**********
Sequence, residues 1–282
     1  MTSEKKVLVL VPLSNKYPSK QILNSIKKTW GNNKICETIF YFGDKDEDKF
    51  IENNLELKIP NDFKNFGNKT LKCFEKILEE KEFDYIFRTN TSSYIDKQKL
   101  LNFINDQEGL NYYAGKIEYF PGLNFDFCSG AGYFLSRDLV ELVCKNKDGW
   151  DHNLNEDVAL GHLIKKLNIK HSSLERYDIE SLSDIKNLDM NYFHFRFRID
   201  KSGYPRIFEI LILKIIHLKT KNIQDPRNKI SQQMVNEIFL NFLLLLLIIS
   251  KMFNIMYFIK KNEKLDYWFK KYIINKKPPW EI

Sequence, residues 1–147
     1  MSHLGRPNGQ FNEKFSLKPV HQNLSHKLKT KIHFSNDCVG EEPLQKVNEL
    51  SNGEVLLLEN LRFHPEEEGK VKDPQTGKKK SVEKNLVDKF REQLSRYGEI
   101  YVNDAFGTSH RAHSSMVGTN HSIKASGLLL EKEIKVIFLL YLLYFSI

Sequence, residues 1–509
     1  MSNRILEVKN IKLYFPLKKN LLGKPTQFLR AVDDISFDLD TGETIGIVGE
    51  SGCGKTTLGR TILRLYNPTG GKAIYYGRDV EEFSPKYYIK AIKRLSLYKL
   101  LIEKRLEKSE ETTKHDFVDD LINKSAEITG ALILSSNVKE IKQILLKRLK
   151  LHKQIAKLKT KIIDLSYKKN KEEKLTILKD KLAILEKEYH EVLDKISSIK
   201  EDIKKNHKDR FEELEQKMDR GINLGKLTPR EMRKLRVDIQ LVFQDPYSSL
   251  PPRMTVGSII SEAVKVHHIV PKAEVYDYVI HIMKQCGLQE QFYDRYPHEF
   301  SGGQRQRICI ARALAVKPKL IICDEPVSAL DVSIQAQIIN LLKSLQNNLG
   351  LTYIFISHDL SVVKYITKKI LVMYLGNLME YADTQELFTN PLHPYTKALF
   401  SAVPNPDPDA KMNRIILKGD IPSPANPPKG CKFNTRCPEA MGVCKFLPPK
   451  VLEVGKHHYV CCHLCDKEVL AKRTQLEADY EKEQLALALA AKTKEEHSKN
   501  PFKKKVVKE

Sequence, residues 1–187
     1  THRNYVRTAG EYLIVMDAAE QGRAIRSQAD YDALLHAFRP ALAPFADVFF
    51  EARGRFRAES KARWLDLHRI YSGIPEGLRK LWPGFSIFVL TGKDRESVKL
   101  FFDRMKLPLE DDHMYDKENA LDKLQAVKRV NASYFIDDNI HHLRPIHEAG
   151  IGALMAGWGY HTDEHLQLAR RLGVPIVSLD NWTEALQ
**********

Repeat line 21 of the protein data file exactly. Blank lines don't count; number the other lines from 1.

   401  SAVPNPDPDA KMNRIILKGD IPSPANPPKG CKFNTRCPEA MGVCKFLPPK